Common iliac vein
Citation, DOI and article data
- location: pelvis, anterior to the sacroiliac joint
- origin and termination: union of internal and external iliac veins; into the inferior vena cava
- tributaries: iliolumbar and lateral sacral veins
- relations: common iliac arteries, lumbosacral plexus, psoas major muscle and vertebral column
It originates anterior to the sacroiliac joint, from the union of the internal and external iliac veins. The common iliac veins are valveless in most people 3, and therefore may be used as central veins for the purposes of measuring right atrial pressures.
Course and termination
It courses superiorly and obliquely to unite with the contralateral vein, forming the inferior vena cava at the level of the L5 vertebral body.
Bilaterally, the veins receive the iliolumbar and lateral sacral veins which drain the iliopsoas muscle, L4 and L5 vertebrae and the obturator vein from the medial compartment of the thigh. The left common iliac vein additionally receives the median sacral vein.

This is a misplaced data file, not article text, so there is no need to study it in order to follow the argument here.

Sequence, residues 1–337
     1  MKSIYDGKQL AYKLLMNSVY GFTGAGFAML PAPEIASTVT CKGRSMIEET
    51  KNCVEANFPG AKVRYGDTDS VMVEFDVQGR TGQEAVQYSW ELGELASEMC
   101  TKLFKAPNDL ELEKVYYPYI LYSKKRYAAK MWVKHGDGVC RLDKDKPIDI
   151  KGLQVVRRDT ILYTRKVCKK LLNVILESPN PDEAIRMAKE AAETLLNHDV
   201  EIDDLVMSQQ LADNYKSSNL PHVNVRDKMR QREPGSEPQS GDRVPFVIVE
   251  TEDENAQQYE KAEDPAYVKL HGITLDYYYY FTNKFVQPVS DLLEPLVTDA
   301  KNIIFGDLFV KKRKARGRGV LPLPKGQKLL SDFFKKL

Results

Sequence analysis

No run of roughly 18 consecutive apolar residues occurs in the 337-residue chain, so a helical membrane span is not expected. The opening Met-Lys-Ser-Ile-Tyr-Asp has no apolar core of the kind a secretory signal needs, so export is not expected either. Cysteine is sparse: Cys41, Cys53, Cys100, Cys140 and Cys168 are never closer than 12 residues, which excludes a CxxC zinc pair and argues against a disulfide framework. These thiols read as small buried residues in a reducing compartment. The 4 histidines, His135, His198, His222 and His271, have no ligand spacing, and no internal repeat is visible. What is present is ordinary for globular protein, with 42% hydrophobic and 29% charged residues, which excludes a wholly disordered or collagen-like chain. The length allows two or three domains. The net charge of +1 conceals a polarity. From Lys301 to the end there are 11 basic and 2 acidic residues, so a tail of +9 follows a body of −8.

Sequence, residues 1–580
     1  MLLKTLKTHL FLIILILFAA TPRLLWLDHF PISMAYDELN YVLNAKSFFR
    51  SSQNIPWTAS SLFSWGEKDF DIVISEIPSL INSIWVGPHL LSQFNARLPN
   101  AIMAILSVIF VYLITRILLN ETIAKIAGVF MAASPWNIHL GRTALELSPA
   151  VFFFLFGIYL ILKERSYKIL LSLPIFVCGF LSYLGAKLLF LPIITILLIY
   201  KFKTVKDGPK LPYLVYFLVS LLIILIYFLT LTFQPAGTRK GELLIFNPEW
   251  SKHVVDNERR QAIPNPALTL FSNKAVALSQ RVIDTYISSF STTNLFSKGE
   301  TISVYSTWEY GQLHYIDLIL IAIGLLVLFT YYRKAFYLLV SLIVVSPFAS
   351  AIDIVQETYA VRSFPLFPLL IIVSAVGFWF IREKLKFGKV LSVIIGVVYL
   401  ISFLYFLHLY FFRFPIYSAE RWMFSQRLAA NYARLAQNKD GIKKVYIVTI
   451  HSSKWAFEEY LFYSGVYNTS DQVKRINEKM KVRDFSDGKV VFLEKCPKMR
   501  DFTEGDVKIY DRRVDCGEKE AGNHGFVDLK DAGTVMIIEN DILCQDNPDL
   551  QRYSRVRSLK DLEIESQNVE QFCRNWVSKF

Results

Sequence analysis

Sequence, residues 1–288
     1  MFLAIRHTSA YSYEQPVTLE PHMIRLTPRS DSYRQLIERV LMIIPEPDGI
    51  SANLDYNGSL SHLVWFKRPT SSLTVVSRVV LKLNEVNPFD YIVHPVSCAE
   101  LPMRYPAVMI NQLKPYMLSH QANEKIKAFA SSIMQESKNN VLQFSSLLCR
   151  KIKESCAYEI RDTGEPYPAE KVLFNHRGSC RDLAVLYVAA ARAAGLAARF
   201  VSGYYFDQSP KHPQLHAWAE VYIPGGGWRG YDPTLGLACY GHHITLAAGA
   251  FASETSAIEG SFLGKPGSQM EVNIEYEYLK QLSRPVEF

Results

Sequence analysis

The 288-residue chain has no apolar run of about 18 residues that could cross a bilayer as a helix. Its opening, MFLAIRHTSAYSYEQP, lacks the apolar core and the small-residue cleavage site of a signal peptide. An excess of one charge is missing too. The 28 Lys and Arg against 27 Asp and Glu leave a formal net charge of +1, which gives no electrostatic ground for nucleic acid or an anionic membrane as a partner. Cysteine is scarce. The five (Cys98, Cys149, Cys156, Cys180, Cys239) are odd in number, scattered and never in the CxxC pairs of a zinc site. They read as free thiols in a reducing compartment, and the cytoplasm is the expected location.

Left common iliac vein
- anteriorly: attachment of the sigmoid mesocolon, superior rectal vessels
- laterally: common iliac artery (later anteriorly, further up its course)
Right common iliac vein
- anteriorly: common iliac artery (later medially, further up its course)
- posteriorly: right obturator nerve
- the left common iliac vein occasionally receives the left renal vein
- 1. Sinnatamby CS. Last's Anatomy, Regional and Applied. Churchill Livingstone. (2011) ISBN:0702033952. Read it at Google Books - Find it at Amazon
- 2. Standring S, Gray H. Gray's anatomy, the anatomical basis of clinical practice. Churchill Livingstone. (2008) ISBN:0443066841. Read it at Google Books - Find it at Amazon
- 3. Caggiati A. The venous valves of the lower limbs. (2013) Phlebolymphology 20 (2): 87. https://www.phlebolymphology.org/the-venous-valves-of-the-lower-limbs/